Officials at Eastern Connecticut Health Network say they will use a new round of funding from the state to cover past acquisitions of monitoring equipment and medications, the expansion of Rockville General Hospital’s intensive care unit, and the network’s continued COVID-19 testing and vaccination efforts, among other expenses.
All together, ECHN-owned hospitals in Connecticut are expected to receive about $2.5 million as part of a broader $40 million relief package intended to reimburse hospitals for coronavirus-related costs incurred since the pandemic began.
According to Gov. Ned Lamont’s office, Manchester Memorial Hospital is on track to receive $793,187, while Rockville General Hospital in Vernon will collect $1,755,143.
Speaking Friday, ECHN CEO Deborah Weymouth said the hospitals will soon begin reporting their eligible costs to the state in order to access the funding, a process she expects will take several weeks.
ECHN will seek compensation for the expansion of the ICU at Rockville General in the spring of 2020, Weymouth said, as well as for the purchase of expensive experimental drugs that were much in demand last year before vaccines became available.
The network also hopes to recover at least some of the money used to pay for monitoring equipment, personal protective equipment, coronavirus testing, and vaccinations.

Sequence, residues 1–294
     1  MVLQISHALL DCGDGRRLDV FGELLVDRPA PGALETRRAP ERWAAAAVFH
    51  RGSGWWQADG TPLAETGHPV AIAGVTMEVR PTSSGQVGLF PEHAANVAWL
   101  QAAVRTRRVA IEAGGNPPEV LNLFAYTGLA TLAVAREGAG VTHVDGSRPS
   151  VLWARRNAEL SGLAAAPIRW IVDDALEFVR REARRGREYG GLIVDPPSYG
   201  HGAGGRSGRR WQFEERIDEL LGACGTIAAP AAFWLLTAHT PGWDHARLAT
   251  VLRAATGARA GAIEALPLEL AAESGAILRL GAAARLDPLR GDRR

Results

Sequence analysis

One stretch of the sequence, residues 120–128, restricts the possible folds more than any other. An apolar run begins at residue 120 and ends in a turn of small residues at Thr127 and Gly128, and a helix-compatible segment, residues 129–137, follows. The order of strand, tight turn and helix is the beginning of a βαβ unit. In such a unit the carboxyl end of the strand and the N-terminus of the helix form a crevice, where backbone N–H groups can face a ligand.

According to Weymouth, the difference in funding between Manchester Memorial and Rockville General stems from an agreement established by the Connecticut Hospital Association, under which small hospitals can receive higher reimbursement rates than larger ones.
“Smaller hospitals don’t have the resources to fall back on, in terms of the depth of their balance sheet,” she said. “The agreement recognizes the vulnerability of small hospitals and helps them retain their status in the community. They’re given more of a cushion.”
While the new payments should help get ECHN closer to its pre-pandemic footing, Weymouth said new variables, including the spread of even more contagious COVID-19 variants, make the near future difficult to predict.
“It’s a help and we’re appreciative, but who knows where things could go from here?” she asked. “There’s so many unknowns out there. The marathon of COVID-19 isn’t over.”
ECHN says it’s tested about 5,000 people for COVID-19 through its drive-thru testing clinic and vaccinated about 11,000 at sites in Manchester and Vernon.
The network recently canceled all first dose vaccination appointments scheduled through the state’s online Vaccine Administration Management System, citing lack of supply. Patients who received their first vaccination at Manchester Memorial or Rockville General hospitals and who have already scheduled appointments for their second shot still will be able to keep that appointment.
Weymouth said ECHN is also setting up what she called a “post-COVID hotline” for “long-haulers” — people weeks or even months out from a COVID-19 diagnosis who continue to experience symptoms such as fatigue, insomnia, and shortness of breath.
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